New Report Says More Than Half of CBD Products Are Mislabeled

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As cannabis products become more mainstream, there’s a lot of blind faith when it comes to buying edibles, topicals, oils, and more. Just because recreational use is legal in 19 states, plus Washington D.C. and Guam, doesn’t mean every facet of the industry is on the up and up, especially when it comes to CBD and labeling.

Leafreport tested more than 200 CBD products this year for label accuracy, and found many discrepancies about strength, type of CBD used, and that there was even any CBD in the product. 

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The report findings

Spanning 111 different brands, Leafreport had a third party test 35 CBD oils, 40 topical, 40 edible, 22 beverage, and 29 coffee and tea products. At least 60% of those tested, the products didn’t match the CBD strength promised on the label. The 40% that passed were within 10% of CBD strength promised. 

Twenty-eight percent of the products got an F grade for having CBD levels that differed from the label by more than 30%, with beverages being the worst offenders (again). Only 18% of those matched the label, and two didn’t have any CBD at all. And it turns out lesser known brands fared better in testing than well-known ones, which leaves many questions about branding and loyalty in the cannabis space.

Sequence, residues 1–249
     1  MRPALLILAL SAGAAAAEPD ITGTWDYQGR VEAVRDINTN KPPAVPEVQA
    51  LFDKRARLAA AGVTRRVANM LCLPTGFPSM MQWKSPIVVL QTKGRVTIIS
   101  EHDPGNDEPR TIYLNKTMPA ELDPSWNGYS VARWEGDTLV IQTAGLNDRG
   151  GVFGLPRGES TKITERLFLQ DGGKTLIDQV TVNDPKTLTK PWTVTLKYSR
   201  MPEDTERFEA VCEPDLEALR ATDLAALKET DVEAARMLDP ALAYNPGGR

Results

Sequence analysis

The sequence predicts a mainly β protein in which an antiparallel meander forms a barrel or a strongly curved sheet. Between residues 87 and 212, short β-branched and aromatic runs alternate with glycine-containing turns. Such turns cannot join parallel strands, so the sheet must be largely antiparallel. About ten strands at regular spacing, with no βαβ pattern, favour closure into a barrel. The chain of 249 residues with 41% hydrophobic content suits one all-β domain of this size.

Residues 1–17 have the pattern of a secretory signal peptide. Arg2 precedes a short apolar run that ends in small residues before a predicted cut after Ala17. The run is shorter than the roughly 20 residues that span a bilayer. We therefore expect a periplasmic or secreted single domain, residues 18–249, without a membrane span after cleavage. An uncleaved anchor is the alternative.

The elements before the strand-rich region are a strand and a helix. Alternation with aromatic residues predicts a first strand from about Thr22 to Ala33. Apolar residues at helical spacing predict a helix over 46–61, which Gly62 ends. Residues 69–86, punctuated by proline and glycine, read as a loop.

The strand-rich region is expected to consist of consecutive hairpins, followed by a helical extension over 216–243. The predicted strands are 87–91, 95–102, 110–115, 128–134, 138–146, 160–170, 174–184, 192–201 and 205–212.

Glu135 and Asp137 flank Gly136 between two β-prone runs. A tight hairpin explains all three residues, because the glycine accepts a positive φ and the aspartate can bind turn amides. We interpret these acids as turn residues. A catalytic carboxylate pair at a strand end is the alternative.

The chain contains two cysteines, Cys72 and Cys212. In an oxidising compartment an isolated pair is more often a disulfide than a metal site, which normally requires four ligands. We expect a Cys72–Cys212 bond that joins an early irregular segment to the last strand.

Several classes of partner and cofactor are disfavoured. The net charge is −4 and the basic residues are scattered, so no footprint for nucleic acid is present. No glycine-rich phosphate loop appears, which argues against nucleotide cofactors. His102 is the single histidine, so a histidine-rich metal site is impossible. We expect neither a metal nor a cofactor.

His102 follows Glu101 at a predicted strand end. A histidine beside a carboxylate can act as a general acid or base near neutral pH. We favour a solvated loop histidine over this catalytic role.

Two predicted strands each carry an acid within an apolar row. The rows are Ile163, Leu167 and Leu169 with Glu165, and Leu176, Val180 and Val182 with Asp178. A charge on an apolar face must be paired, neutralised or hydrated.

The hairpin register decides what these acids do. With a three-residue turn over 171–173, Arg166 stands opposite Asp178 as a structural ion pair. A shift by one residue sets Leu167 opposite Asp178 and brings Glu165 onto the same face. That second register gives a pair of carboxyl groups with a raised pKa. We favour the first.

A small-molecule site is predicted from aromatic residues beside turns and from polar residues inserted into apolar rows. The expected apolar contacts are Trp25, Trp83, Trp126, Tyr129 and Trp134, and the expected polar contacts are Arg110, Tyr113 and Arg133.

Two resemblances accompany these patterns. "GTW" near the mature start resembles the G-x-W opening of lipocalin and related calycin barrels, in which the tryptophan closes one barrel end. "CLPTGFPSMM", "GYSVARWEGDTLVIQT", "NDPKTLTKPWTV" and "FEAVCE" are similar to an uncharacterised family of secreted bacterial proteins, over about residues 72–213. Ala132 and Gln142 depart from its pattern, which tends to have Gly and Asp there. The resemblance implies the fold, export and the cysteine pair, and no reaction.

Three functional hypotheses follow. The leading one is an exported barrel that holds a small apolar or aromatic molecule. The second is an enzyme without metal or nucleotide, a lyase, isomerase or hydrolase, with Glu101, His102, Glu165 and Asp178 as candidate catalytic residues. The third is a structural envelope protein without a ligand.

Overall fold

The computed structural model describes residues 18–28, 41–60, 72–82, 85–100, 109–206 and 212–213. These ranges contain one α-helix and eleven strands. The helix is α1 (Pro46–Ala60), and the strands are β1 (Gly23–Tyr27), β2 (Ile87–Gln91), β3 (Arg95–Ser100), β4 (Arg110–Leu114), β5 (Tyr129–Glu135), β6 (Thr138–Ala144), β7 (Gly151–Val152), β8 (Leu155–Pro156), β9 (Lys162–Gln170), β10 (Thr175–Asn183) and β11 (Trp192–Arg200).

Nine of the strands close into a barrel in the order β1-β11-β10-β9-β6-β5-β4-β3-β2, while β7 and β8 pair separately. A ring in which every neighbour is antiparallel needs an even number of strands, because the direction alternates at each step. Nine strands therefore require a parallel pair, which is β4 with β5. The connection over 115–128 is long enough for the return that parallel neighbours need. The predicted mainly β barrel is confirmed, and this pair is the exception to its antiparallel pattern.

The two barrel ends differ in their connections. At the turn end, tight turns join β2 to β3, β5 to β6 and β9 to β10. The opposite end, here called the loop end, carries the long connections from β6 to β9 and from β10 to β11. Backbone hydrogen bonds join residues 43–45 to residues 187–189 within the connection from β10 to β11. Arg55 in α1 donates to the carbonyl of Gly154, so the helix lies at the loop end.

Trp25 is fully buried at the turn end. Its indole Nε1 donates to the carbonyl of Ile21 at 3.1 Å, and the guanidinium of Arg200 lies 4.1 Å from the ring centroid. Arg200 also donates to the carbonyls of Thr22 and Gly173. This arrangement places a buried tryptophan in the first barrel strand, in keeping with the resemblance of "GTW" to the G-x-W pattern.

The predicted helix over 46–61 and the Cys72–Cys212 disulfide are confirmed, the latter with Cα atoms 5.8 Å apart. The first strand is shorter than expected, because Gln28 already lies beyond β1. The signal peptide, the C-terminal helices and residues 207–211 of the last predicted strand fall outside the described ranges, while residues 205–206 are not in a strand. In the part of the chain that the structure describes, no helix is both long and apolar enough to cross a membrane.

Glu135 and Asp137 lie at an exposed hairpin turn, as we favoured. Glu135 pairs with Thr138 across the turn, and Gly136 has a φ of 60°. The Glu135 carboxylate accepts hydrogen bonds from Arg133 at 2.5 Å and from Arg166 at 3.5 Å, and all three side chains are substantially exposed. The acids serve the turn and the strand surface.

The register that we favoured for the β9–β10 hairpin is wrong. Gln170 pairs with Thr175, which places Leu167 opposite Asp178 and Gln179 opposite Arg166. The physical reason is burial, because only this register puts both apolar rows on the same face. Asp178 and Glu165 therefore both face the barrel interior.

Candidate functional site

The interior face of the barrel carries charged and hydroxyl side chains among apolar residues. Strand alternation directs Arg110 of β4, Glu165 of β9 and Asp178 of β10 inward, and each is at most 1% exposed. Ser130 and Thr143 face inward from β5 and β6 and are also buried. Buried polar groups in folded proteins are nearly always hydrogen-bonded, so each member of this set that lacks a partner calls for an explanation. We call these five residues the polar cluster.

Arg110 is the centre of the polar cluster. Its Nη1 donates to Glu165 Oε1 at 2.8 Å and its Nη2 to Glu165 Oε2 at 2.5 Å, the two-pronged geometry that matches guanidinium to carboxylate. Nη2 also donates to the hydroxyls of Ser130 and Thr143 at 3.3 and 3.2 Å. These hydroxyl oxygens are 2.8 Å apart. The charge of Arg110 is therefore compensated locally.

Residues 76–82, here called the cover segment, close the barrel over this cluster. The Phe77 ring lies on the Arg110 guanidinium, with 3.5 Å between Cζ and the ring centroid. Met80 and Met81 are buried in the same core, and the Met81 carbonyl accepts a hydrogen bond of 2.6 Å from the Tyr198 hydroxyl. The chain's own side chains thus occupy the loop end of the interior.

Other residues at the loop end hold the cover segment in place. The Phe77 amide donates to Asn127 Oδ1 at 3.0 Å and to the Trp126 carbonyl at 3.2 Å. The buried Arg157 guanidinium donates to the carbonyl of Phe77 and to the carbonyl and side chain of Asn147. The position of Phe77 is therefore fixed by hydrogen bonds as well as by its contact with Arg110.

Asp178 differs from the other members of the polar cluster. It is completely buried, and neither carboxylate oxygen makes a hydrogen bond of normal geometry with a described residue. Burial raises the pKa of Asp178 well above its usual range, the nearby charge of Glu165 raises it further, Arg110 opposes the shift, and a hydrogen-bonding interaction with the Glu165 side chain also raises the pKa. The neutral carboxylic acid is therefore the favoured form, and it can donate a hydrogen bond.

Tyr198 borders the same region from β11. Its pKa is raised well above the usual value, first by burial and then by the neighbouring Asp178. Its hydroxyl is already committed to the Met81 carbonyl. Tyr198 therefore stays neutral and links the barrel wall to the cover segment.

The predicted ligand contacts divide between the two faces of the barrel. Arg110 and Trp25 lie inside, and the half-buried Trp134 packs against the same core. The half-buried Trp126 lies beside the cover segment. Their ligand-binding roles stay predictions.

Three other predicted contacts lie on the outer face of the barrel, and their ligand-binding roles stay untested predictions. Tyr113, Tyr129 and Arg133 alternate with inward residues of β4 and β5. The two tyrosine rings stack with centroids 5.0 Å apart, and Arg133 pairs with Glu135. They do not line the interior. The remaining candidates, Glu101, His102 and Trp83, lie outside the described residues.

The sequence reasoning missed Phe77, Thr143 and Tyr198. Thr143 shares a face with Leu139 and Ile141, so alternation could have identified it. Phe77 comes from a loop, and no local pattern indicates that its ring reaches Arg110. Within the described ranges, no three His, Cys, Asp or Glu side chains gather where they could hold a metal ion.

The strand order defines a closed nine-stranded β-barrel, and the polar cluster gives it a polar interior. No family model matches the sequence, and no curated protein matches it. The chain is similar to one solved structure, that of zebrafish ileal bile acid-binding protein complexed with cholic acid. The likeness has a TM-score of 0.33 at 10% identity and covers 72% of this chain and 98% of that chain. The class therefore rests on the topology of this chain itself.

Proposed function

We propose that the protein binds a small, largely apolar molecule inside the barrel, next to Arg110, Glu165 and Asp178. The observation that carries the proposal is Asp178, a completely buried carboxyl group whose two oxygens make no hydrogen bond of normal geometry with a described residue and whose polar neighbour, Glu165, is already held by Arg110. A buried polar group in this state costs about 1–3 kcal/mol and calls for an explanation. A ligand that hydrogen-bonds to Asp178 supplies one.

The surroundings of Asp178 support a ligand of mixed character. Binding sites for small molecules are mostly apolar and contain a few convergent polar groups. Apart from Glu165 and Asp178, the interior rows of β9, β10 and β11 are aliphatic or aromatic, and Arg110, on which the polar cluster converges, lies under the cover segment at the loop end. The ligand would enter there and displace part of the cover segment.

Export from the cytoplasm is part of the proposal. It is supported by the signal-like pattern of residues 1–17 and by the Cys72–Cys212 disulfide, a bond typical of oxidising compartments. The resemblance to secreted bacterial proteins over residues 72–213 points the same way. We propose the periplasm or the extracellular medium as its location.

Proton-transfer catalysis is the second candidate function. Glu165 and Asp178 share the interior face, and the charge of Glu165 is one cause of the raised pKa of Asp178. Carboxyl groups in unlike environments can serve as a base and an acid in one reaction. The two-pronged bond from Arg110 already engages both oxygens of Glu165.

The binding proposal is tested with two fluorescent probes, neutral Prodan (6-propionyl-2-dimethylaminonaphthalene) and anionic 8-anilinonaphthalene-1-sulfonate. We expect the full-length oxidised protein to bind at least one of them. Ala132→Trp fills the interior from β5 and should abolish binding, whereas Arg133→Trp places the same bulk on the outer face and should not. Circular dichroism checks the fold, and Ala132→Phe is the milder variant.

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Medical experts weigh in

Several experts commented on the new report, most saying it’s simply proof that more needs to be done for quality control and regulations when it comes to hemp-derived CBD products. 

“CBD is effective for many ailments; this is widely accepted,” naturopathic physician Dr. Carlie Bell-Biggins tells Leafreport. “However proper dosing is still unclear, especially since individual variations within the endocannabinoid system are unique from person to person. Mislabeled products only compound this issue.”

“In the US, the FDA is still reviewing data, particularly on the safety, potential side effects, and benefits of CBD. It’s a frustratingly slow process, impeded by the fact that too many researchers stay away from cannabinoids because of the regulatory gray area,” says Zora DeGrandpre. “This problem is made worse by businesses that don’t follow basic aspects of quality control — selling products that contain the stated amount of CBD and testing for various contaminants. These businesses are giving CBD a poor reputation.”

With the growth of CBD use across the country, it’s high time the industry and federal regulators get on the same page to ensure every product is safe for consumption.

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